While sacrifice is a core notion within most  world spiritual traditions, within Druidry it is confused by historical  accounts of the killing of both human and animal victims. No such  practice is deemed acceptable within modern Druidry. What is sacrificed  within the tradition today is that which we value most highly in life  and hold to with most passion: time, security, certainty, comfort,  convenience, ignorance, and the like. Indeed, most Druidic sacrifice is  expressed through work that benefits the wider community and the planet  as a whole, such as environmental volunteering, ethical consumerism,  spiritual education, dissemination of information, caring for family and community (notably children, the sick, the elderly and dying) and  creative expression.

Although there are groups within the  tradition who value their privacy, Druidry is not an occult tradition. A good part of its practice is openly celebrated. Increasingly there are  many within the tradition that share its essential tenets through public ritual in ceremonies marking the seasonal festivals that are open and  free to all; examples include the gorseddau at Avebury and Stonehenge.

Common Practice and Beliefs within Druidry


Those who practice Druidry do so through a deep spiritual connection  perceived and experienced within the land and its culture. Many, when  they first find Druidry, describe the feeling as 'coming home'; they  have rediscovered a connection with the land, its people, history,  heritage and culture. This is more than mere interest; imbued with  wonder, gratitude, respect and a sense of the perpetual flow of time, it inspires a devotional commitment, an acknowledgment of the sacred and a recognition of deity (male, female and non-gendered gods) within these  currents of nature. This is the foundation of Druid practice.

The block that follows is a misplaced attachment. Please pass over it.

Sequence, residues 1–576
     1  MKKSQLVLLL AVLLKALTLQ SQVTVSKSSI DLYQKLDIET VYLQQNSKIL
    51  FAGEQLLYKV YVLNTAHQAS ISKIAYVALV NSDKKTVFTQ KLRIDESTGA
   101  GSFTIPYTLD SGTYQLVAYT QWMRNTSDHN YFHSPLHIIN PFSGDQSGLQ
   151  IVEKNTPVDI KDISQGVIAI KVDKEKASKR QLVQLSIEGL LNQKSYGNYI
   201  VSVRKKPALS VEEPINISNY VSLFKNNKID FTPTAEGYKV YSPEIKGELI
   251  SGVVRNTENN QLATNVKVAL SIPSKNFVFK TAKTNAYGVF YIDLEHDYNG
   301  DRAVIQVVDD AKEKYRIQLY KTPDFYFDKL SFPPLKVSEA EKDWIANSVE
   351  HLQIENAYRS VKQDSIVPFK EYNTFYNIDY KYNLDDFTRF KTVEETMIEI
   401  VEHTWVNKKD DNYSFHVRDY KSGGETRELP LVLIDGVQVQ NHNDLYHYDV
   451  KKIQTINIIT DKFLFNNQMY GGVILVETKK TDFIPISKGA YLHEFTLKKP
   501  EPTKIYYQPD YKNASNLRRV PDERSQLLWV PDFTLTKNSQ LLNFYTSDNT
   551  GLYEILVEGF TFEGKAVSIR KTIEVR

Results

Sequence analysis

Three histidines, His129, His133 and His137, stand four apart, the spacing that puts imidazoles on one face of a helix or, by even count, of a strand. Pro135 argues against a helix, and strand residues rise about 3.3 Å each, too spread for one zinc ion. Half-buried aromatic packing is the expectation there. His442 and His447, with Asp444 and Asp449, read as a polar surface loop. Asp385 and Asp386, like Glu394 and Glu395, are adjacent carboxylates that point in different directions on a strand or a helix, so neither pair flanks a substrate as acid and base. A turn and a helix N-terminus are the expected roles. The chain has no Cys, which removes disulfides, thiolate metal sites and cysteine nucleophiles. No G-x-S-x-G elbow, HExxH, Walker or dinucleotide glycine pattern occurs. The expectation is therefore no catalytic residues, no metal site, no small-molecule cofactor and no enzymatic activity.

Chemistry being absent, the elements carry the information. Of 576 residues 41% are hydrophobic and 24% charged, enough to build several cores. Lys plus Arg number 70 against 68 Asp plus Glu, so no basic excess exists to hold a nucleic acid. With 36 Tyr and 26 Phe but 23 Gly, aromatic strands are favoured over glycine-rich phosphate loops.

The issue as to whether modern Druidry has any clear link back to pre-Roman Britain is debated. Historically Druidry was essentially an oral  tradition and no texts are available written by our pre-Roman ancestors. However, the religious and spiritual traditions survived in folklore,  through poetry and mythologies, within the development of  British/western philosophy and the bardic colleges. A good deal was  incorporated into Christianity when it came to these lands, particularly surviving in rural churches where Paganism continued side by side with  the new religion. In the eighteenth century a resurgence of Druidry led  to academic scrutiny of Classical and Mediaeval texts and a good deal of todays common Druidic practice is based on interpretation of that  material. This scrutiny continues today and Druids use this as a link to their ancestral past. As a religion today, Druidry is ever evolving. So common practice is gained through Druids coming together and sharing  their experiences, rituals and celebrations.


Many come to Druidry because of its diversity. Freedom of expression and  personal connection to deity is, for them, of paramount importance.  Connection to the divine is gained through experience, neither through  belief nor through reciting prayers that are essentially anothers  understanding or vision. As a polytheistic religion, individuals devote  themselves to and revere deities who express different aspects of nature and ancestry. For example, Cerridwen is a goddess of the dark, the  waning moon, the cauldron of potential; Brighid is a goddess of fire,  light and assertive action. The rituals and practice of Druids honouring one or other of these as their principal deity would differ  accordingly.